Strangers in Good Company (aka The Company of Strangers (1990): Cynthia Scott’s Tale of Diverse Women, Stranded Together (LGBTQ, Lesbian)

Canadian Cynthia Scott directed Strangers in Good Company (originally titled “The Company of Strangers”), which she co-wrote with Sally Bochner, David Wilson and Gloria Demers.

Grade: B (***1/2 out of *****)

The Company of Strangers
Strangers in Good Company dvd cover.jpg


The film depicts eight women on a bus tour, stranded at an isolated cottage when the bus breaks down.

The group of women could not have been more diverse in terms of age, race, nationality. formal education, marital status, family structure, and sexual orientation.

Each of them is using her real name or nickname. Most are outsiders in one way or another, one is lesbian.  And while most are elderly, senior citizens in their 70s, they are contrasted with the tour’s guide, a young jazz singer.

Alice Diabo plays Alice, 74, a Mohawk elder from Kahnawake, Quebec.

Constance Garneau, Constance, is the oldest, 88, U.S.-born and brought to Quebec by her family as a child,

Winifred Holden, Winnie, 76, an Englishwoman who moved to Montreal after WWI.

Cissy Meddings, Cissy, 76, was born in England and moved to Canada in 1981,

Mary Meigs, Mary, 74, a noted feminist writer and painter and out lesbian, and shares the experience of living a secretive life, due to the restrictions and taboos of women of her generation who deviated from the norms of being married to men and having children and grandchildren.

Catherine Roche, Catherine, 68, a Roman Catholic nun, who believes she is “married to God.,

Michelle Sweeney, Michelle, 27, a jazz singer and the trip’s tour guide,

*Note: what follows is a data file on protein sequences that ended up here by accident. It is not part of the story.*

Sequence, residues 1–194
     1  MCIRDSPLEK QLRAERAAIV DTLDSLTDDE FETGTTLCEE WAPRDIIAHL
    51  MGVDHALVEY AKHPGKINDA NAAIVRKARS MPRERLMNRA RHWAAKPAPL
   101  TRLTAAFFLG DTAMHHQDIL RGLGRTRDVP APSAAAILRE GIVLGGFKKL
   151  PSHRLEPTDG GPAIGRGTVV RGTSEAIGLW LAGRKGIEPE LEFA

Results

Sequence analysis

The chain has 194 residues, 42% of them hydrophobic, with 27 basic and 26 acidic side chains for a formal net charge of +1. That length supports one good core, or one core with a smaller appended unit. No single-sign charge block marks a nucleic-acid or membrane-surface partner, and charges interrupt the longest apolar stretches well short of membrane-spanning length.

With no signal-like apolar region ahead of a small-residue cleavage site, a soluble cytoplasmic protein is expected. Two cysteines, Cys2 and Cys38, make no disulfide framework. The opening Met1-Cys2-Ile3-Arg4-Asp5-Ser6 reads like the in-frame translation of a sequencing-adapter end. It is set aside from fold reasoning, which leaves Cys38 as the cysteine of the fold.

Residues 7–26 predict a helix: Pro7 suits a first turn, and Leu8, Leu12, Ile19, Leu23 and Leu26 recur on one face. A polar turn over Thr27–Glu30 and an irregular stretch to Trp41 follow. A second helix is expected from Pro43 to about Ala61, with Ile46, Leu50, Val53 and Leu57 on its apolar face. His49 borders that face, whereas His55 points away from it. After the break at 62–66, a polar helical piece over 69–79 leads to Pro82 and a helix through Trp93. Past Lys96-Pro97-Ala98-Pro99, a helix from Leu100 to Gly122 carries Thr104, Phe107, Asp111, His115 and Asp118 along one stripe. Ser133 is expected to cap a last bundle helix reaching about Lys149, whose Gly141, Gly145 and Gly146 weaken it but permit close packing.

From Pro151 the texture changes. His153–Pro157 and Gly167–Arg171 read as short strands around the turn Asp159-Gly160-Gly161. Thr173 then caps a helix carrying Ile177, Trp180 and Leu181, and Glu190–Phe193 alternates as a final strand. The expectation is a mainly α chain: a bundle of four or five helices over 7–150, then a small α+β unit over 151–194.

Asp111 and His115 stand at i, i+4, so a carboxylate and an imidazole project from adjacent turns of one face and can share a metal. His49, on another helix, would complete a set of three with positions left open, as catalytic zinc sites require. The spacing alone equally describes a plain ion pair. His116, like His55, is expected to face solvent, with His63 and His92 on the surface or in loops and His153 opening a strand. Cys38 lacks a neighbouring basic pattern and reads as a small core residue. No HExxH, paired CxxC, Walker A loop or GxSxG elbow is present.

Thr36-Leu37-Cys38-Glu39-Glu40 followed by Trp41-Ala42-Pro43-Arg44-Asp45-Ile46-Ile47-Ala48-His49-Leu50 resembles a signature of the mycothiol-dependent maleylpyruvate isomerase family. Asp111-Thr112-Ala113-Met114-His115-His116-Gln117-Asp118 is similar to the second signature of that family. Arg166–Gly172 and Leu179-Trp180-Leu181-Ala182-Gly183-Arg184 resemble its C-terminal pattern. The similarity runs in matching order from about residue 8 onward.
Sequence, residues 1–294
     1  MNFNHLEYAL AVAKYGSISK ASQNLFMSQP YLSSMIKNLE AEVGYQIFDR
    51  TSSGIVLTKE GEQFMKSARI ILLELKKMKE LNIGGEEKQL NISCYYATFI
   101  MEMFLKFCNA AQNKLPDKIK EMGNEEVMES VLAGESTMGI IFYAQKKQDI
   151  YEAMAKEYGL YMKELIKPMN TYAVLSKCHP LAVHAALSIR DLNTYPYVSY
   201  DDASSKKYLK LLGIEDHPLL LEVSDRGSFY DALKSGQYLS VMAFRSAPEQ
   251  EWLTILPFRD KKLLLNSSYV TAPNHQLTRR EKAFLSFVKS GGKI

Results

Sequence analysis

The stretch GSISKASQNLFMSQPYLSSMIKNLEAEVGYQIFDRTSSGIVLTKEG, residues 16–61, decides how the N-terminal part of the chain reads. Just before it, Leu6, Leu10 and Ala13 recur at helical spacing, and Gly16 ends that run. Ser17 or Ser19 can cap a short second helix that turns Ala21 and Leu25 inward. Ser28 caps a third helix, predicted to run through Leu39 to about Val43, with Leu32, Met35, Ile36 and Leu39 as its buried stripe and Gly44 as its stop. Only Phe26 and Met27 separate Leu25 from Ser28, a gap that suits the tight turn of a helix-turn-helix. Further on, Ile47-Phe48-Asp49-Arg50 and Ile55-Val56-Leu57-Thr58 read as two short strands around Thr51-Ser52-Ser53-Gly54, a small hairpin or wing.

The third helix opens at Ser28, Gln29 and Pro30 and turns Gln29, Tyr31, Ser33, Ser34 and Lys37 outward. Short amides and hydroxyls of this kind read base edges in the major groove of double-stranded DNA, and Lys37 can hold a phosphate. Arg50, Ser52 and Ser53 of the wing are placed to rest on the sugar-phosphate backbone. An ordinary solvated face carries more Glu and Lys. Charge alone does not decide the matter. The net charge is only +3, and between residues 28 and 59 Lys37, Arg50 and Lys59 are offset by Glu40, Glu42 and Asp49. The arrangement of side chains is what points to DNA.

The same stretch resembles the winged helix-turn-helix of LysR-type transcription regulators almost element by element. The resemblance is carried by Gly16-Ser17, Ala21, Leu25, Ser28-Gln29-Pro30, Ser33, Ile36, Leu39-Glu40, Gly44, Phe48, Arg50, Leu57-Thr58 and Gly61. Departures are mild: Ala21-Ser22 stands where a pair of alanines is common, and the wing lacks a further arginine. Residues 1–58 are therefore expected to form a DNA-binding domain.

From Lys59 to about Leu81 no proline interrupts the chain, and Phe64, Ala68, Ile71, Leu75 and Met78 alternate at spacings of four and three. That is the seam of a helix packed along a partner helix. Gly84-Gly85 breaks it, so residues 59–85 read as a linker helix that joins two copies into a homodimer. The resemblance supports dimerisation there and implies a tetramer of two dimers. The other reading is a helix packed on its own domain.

Beth Webber, Beth, 80, who was born in England and moved to Montreal in 1930.

They are united by their concern with the issues of progressive age, declining health and inevitable mortality.

At various points throughout the tale, the director inserts a montage of photos from each woman’s life, past and present.

The semi-documentarian film benefits from its loose narrative structure–there is a general outline, but not a conventional plot–and the freedom to improvise their dialogue.

Far from being static or verbose, the film is largely set outdoors.  The director is careful in dividing the femmes into subgroups of couples, trios, and quartet, often placing them against the dropout of nature at its calmest and most beautiful.

Nothing is forced: The movie just flows naturally, like a quiet yet vibrant river, which may explain the recurrent visual motif of the lake and its still water.

When I showed The Company of Strangers in an ASU class on “Women in Film,” a female student raised the question of whether the film would have looked differently if a female cinematographer and editor were crew members (rather than the men who filled in those jobs back in 1990).


Directed by Cynthia Scott
Produced by David Wilson
Written by Gloria Demers
Music by Marie Bernard
Cinematography David De Volpi
Edited by David Wilson

Production company: National Film Board of Canada

Distributed by First Run Features
Castle Hill Productions
National Film Board of Canada

Release date: 1990

Running time: 101 min.

Critical Status:

The film won the Best Canadian film award at the Vancouver Film Festival.

At the 1991 Genie Awards (Canadian Oscars), Diabo and Meddings were nominated for Best Actress, Holden and Roche for Best Supporting Actress. The film was also nominated for Best Picture, and won the Best Editing kudo.

In 1991, Mary Meigs wrote a book about the making of the film, “In the Company of Strangers.”


The DVD was released on December 7, 1999 by First Run Features as “Strangers in Good Company.”

French title:

Le Fabuleux gang des sept


TCM showed this rarely-seen Canadian indie on September 16, 2020, as part of their series, “Women Make Film.”

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